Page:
Taiwan president presents Asia Democracy and Human Rights Award to Australian NGO

Tsai Ing-wen also commemorated 40th anniversary of Formosa Incident, described it as 'a turning point' in Taiwan's democratization

Tsai Ing-wen and Patrick Earle.

Tsai Ing-wen and Patrick Earle. (CNA photo)

TAIPEI (Taiwan News) — Speaking at a human rights award ceremony on Tuesday morning (Dec. 10), President Tsai Ing-wen (蔡英文) urged countries sharing similar values with Taiwan to continue defending and promoting democracy as people from many parts of the world are being deprived of their freedom and human rights.

The president presented the 2019 Asia Democracy and Human Rights Award to the Diplomacy Training Program (DTP), a Sydney-based non-government organization that has provided education in human rights advocacy since being founded by the Nobel Peace Prize-winning former president of Timor-Leste, José Ramos-Horta, and Australian scholar Garth Nettheim in 1989.

The award serves as one of Taiwan’s contributions to the world's democracy and human rights initiatives, said Tsai. Referring to the crackdown on pro-democracy demonstrators known as the Formosa Incident, the anniversary of which coincides with Human Rights Day, the president acknowledged that the event was a turning point for the democratization of Taiwan.

Pro-democracy activists demonstrated exceptional courage four decades ago in defiance of the oppression of the authoritarian government, remarked Tsai. Today, people on the island enjoy democracy and freedom as simply as they do breathing air, she added, going on to assert that it is “our responsibility to safeguard democracy and our mission to promote democracy.”

Legislative Yuan Speaker Su Jia-chyuan (蘇嘉全), who chairs the Taiwan Foundation for Democracy (TFD), the Taipei-based non-profit organization that established the award, commended the DTP for having trained more than 3,000 human rights advocates from 60 countries across the Asia-Pacific, the Middle East, and North Africa over the past 30 years. Its contributions have had a monumental influence on promoting democratic values throughout the world, he said.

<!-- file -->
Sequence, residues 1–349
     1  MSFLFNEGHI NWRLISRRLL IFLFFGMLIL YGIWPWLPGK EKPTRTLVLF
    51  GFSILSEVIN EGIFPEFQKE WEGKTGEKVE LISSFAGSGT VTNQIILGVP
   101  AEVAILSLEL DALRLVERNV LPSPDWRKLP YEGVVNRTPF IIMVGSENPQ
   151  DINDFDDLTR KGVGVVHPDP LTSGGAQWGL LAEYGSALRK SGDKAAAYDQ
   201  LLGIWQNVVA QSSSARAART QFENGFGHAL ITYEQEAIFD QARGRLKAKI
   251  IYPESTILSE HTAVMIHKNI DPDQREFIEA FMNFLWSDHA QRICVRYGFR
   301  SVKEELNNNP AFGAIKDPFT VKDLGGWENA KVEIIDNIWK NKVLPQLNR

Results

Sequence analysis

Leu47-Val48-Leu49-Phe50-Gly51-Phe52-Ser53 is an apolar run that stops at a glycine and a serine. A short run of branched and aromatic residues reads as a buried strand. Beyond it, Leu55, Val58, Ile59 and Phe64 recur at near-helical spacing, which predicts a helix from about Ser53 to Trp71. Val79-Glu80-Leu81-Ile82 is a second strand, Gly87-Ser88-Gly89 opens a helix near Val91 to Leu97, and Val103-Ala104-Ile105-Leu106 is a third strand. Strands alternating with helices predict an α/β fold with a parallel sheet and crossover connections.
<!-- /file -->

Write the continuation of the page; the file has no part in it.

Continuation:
Su noted that in the face of infiltration by the authoritarian Chinese government, Taiwan could be an example for countries and places that are still in the process of pursuing democracy. “Democracy will eventually prevail,” proclaimed Su, encouraging people to maintain faith.

Patrick Earle, executive director of the Diplomacy Training Program, described receiving the award as being “special beyond words” since the organization celebrated its 30th anniversary this year. The DTP recognizes that individuals, whatever their role, have the potential to make a difference on human rights issues and that change occurs when people work together, Earle said.

Earle acknowledged that even though improvements in human rights have been seen in Asia over the years, there have also been setbacks in the region. He pledged that the organization would continue protecting human rights defenders, fostering societies with a strong human rights culture, and building movements to traverse borders and generations alike.

The Asia Democracy and Human Rights Award was established by the Taiwan Foundation for Democracy in 2006 to encourage individuals and organizations that have made significant contributions to promoting democracy and protecting human rights in Asia through peaceful means. During the ceremony, Tsai also presented the president of the National Endowment for Democracy, Carl Gershman, with the Order of Brilliant Star with Grand Cordon in recognition of his many contributions to promoting democracy in the region.